Dr. T and the Women
Directed by Robert Altman
Review by Matt Heffernan <email@example.com>
The Writers' Guild is threatening to strike against the Hollywood studios for several reasons. One of the most visible issues is the crediting of a film's authorship to the director, as in "a film by ...". However, the screenplay really is secondary in certain films, especially when the director has such a prominent style. Robert Altman is such a director, and his latest film is just more proof that his direction makes any project a "Robert Altman film".
Richard Gere stars as gynecologist Sullivan Travis, or Dr. T, as he is known to his patients in Dallas. His practice is booming because all the local ladies are enchanted by his charisma and delicate touch. The women outside his practice, however, are more difficult to deal with.
His wife, Kate (Farrah Fawcett), has suddenly gone insane, running around a mall naked while their daughter, Dee Dee (Kate Hudson), is shopping for her upcoming wedding. Their other daughter, Connie (Tara Reid), is jealous of Dee Dee, and is bent on outing a secret that could stop the wedding. Meanwhile, Sullivan's sister-in-law (Laura Dern) has temporarily moved in with her three daughters, making the house even more insane than the hospital that Kate is sent to. Dr. T's marriage is basically over, but a new golf pro (Helen Hunt) is in town, and his luck with women outside the office might change for the better.
Typical of many Altman films, Dr. T and the Women has a large ensemble with many different relationships at work. Gere, however, is the definite star, and he exudes all the charm necessary to make the part believable. The ads quote a critic comparing him to Cary Grant, but I wouldn't go quite that far. Grant would have been perfect for the role, and anybody else is, well, not. Without Grant, the film is unable to rise above its shallowness. Altman's films have never been characterized as consistent in quality, and this one is decidedly lightweight.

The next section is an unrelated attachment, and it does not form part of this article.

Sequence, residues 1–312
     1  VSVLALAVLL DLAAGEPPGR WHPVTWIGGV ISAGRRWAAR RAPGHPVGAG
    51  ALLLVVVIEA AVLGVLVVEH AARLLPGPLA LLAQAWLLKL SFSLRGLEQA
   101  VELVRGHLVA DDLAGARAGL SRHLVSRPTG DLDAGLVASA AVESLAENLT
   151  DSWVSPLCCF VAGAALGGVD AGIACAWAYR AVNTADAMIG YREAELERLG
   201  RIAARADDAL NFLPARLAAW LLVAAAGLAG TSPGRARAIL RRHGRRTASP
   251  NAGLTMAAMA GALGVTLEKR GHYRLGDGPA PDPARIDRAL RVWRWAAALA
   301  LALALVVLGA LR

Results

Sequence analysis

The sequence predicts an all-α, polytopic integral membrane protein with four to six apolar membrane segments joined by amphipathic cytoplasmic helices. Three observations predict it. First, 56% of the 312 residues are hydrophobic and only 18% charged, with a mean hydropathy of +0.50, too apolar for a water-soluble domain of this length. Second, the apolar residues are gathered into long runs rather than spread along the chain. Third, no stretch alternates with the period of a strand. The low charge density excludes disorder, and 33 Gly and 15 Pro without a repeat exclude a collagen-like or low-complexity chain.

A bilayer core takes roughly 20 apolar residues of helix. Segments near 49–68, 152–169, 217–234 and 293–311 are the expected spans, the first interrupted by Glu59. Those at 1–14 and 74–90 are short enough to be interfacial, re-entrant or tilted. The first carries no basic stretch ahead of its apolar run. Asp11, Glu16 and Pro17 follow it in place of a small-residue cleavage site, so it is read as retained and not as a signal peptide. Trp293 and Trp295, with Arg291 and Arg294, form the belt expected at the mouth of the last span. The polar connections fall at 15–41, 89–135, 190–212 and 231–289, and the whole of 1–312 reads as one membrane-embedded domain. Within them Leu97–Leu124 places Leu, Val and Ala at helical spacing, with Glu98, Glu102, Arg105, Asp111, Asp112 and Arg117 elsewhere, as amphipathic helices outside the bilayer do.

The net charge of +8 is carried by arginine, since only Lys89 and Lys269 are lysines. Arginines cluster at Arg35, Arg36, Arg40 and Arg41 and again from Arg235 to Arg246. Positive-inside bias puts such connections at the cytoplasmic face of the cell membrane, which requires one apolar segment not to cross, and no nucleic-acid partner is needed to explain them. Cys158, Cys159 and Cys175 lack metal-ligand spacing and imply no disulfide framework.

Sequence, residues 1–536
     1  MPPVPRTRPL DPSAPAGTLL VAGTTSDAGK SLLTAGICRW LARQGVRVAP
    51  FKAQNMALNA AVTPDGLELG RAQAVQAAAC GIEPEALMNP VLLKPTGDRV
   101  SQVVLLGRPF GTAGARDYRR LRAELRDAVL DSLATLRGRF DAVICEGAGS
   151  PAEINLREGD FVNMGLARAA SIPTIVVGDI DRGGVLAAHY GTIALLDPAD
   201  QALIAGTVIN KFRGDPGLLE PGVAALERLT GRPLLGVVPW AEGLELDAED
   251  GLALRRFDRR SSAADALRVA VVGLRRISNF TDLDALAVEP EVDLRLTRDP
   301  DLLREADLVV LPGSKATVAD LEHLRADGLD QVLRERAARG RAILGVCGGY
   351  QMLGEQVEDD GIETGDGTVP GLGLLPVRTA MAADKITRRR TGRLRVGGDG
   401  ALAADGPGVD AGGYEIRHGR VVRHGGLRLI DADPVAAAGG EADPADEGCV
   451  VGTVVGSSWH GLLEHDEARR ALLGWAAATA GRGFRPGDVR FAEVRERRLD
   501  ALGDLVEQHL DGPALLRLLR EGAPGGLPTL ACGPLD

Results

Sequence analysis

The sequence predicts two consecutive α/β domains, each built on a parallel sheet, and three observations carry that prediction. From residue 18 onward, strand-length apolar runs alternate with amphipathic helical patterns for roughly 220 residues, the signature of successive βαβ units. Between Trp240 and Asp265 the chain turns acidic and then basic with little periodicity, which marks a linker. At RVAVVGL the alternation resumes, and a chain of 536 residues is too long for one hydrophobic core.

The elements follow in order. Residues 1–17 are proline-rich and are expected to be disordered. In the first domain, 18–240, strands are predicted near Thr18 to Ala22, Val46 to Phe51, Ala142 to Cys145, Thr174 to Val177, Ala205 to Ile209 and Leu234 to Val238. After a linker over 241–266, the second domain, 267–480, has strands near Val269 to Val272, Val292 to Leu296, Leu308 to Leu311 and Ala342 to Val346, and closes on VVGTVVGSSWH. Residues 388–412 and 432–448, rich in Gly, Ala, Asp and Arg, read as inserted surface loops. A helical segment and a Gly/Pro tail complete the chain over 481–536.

This leads me to the Auteur theory of film, as proposed by the likes of François Truffaut forty years ago. From the opening credits, Dr. T and the Women firmly establishes itself as a Robert Altman film, regardless of what the credits actually say. It is a massive sequence, with very few cuts (if any; I failed to take note), depicting a particularly busy day at the office. It manages to look realistic and organic, yet is so stylized that it becomes a grand comic ballet. In short: it was so Altman. The screenplay (by Anne Rapp, writing her second script after her debut with Altman's Cookie's Fortune) is a disposable trifle. It's the performances and the sharp style that keep the film interesting, all thanks to the keen direction of a 75-year-old master.
Certainly, some films depend greatly on the strength of the screenplay. Some depend too much, and are boring films. The writers feel that the credit given to directors is an archaic hold-over from the silent era. I say, if you want more credit, direct your own damn screenplays. That's what many people, from Billy Wilder to Woody Allen to Kevin Smith have done, and have succeeded. Of course, many more have failed, but it ain't easy being an auteur.
For more information, go to the Internet Movie Database:
Dr. T and the Women (2000)
Video Pick of the Week
Guide to Star Ratings
Review © 2000 Matt Heffernan